VW’s share price has more than doubled since 2009, valuing the company at 78.4 billion euros ($104 billion). The stock surge was underpinned by a 44 percent climb in deliveries since then to 9.07 million vehicles last year. After carving out leading positions in Europe, China and Brazil, Volkswagen has disappointed in the U.S., where its 4 percent market share pales compared with its control of about 15 percent of global sales.
That’s starting to change. Demand for Audi and VW-brand vehicles in 2012 surged 31 percent to 580,200 cars, beating the previous high from 1970 when the Beetle and Microbus helped define American culture. This year, VW aims to report a profit in the U.S., its first there since 2002.
The new face of VW in North America is the pragmatic Passat. The mid-sized sedan, built in a new $1 billion factory in Tennessee, is bigger and cheaper than the European version. The Passat and the Mexican-made Jetta combined to account for two-thirds of VW sales in the U.S. in 2012, the first full year for the U.S.-made sedan.
“Volkswagen was always a unique buy, different from the mainstream,” said Michael Morais, chief operating officer of Open Road Auto Group, which operates 15 showrooms in in New York and New Jersey, including three VW stores. Now, they’re combining bread-and-butter models with “very enthusiastic products that inspire,” he said.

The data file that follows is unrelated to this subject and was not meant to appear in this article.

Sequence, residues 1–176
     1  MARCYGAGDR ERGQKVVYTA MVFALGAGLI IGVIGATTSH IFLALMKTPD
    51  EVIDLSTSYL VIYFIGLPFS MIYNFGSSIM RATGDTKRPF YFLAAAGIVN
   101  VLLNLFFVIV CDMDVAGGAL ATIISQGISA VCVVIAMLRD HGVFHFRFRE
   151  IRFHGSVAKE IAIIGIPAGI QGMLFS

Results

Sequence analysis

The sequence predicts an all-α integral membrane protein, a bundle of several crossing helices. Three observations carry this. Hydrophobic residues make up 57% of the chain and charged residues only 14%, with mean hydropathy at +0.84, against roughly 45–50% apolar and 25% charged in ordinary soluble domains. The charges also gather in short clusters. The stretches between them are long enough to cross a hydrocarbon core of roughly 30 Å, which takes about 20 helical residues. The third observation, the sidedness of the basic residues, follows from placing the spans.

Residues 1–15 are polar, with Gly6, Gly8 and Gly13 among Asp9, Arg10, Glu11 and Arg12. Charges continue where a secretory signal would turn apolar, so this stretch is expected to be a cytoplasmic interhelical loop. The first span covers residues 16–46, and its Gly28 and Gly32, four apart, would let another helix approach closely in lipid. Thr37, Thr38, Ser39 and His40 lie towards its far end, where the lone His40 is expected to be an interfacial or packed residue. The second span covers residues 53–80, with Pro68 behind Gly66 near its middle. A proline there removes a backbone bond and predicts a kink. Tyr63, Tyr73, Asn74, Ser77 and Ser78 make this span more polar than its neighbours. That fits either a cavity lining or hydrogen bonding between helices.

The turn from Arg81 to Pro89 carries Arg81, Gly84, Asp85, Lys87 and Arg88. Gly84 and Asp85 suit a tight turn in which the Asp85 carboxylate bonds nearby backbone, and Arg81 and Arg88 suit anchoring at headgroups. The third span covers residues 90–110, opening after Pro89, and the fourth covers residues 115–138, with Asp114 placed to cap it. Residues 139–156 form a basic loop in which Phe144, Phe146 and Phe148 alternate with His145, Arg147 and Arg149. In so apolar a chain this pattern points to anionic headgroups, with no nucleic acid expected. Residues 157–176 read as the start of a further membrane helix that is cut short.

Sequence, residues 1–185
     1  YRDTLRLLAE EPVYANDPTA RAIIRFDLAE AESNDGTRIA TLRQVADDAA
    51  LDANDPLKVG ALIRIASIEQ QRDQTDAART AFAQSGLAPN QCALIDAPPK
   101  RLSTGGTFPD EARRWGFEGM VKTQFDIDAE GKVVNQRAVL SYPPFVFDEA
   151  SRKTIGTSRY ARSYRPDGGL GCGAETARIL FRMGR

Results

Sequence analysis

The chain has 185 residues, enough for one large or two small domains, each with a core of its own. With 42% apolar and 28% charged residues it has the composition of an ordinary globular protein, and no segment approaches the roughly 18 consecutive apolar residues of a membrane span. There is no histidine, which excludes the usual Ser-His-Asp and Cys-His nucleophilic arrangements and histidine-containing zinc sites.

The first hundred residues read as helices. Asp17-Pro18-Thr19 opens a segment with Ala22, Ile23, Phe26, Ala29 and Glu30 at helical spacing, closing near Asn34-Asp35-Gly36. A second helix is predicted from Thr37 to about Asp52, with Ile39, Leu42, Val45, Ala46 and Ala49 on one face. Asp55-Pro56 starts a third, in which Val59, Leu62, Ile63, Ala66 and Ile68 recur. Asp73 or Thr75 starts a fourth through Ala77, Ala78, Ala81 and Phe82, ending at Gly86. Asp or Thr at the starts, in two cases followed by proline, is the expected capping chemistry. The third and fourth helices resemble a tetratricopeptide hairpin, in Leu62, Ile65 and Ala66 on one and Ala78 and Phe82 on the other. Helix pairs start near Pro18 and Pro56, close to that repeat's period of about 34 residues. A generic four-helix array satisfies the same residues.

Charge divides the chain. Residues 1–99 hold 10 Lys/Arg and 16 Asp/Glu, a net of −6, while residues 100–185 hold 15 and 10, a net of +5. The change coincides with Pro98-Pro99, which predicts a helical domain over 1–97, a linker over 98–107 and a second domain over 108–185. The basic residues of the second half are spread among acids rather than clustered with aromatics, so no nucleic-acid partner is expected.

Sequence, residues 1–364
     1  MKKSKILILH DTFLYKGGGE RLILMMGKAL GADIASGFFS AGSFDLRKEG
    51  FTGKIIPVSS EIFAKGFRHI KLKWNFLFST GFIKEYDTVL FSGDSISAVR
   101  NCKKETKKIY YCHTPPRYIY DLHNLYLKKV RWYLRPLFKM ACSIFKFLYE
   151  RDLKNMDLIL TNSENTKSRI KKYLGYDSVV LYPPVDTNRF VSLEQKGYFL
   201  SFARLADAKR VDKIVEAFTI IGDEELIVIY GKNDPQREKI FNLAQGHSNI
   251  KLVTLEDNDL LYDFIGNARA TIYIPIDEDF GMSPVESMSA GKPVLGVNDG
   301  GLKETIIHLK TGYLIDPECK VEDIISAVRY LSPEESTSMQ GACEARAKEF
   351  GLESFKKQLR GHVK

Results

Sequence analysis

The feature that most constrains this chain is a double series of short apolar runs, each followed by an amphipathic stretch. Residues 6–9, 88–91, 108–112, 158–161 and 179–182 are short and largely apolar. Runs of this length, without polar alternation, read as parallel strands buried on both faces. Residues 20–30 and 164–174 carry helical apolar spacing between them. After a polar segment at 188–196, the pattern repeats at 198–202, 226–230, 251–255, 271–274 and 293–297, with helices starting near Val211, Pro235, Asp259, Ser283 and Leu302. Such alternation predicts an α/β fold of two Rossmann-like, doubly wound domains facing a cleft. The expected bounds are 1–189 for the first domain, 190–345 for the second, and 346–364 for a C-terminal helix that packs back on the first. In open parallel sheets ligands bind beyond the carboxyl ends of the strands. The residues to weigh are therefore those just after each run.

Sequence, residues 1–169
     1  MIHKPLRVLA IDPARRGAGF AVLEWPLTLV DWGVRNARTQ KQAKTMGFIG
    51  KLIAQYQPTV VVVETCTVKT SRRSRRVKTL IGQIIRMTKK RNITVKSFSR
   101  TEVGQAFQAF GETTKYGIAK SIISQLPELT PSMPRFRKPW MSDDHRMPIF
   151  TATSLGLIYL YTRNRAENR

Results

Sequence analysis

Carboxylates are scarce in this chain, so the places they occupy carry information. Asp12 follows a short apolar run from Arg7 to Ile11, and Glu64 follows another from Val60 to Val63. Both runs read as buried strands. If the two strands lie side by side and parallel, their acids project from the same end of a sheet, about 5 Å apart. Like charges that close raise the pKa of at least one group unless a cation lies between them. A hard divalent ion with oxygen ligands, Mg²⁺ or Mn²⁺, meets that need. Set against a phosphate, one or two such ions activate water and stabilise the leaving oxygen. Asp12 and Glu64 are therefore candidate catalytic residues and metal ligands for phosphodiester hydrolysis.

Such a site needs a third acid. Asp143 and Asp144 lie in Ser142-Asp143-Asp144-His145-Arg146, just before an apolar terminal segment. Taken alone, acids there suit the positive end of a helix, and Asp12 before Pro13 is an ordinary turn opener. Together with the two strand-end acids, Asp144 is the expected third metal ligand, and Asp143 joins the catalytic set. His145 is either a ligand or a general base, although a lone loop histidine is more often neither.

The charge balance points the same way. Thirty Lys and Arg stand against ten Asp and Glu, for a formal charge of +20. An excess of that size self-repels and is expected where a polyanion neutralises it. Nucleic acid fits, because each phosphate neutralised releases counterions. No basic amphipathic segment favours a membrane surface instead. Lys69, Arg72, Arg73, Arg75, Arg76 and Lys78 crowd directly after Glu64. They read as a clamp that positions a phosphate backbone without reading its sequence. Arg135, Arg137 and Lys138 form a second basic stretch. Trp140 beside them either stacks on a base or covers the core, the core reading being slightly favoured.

VW’s push into the mass market will take another step when it rolls out a production version of the Crossblue concept, which drew a crowd of 25 TV and video crews at its Detroit debut. The seven-seater would challenge the Ford Explorer, Chrysler Group LLC’s Jeep Grand Cherokee and Toyota’s Highlander as a sportier family-car alternative to a minivan.
SUV sales account for 29 percent of the U.S. market, the biggest segment after sedans. VW forecasts SUV demand to grow more than 20 percent by 2018, outpacing all other niches. In addition to the Crossblue, VW premiered the Taigun compact concept at the Sao Paulo Motor Show in October. The two models would double VW’s SUV lineup, which currently consists of the upscale Touareg and the smaller Tiguan.
To check VW’s American growth plans, GM will introduce 13 new Chevrolet models in the U.S. this year and will refresh 70 percent of its U.S. lineup over a year and a half, including the full-sized Impala sedan and the Corvette sports car. GM intends to grow faster than competitors in the U.S. after its market share hit an 88-year low in 2012.
Toyota, which regained the global sales crown last year, will look to defend that lead in 2013 when it updates mass-market models like the Corolla, which competes with VW’s best-selling Jetta in the U.S.
Those efforts may do little to slow VW’s progress. The carmaker is forecast to boost its U.S. market share to 4.3 percent this year, even as GM and Toyota stagnate at 17.9 percent and 14.4 percent, respectively, according to a survey of five analysts compiled by Bloomberg.
“Volkswagen is like a tanker,” said Frank Biller, an analyst LBBW in Stuttgart, Germany. “Once heading in one direction, it can hardly be stopped. The 2018 strategy has proven to be the right course.”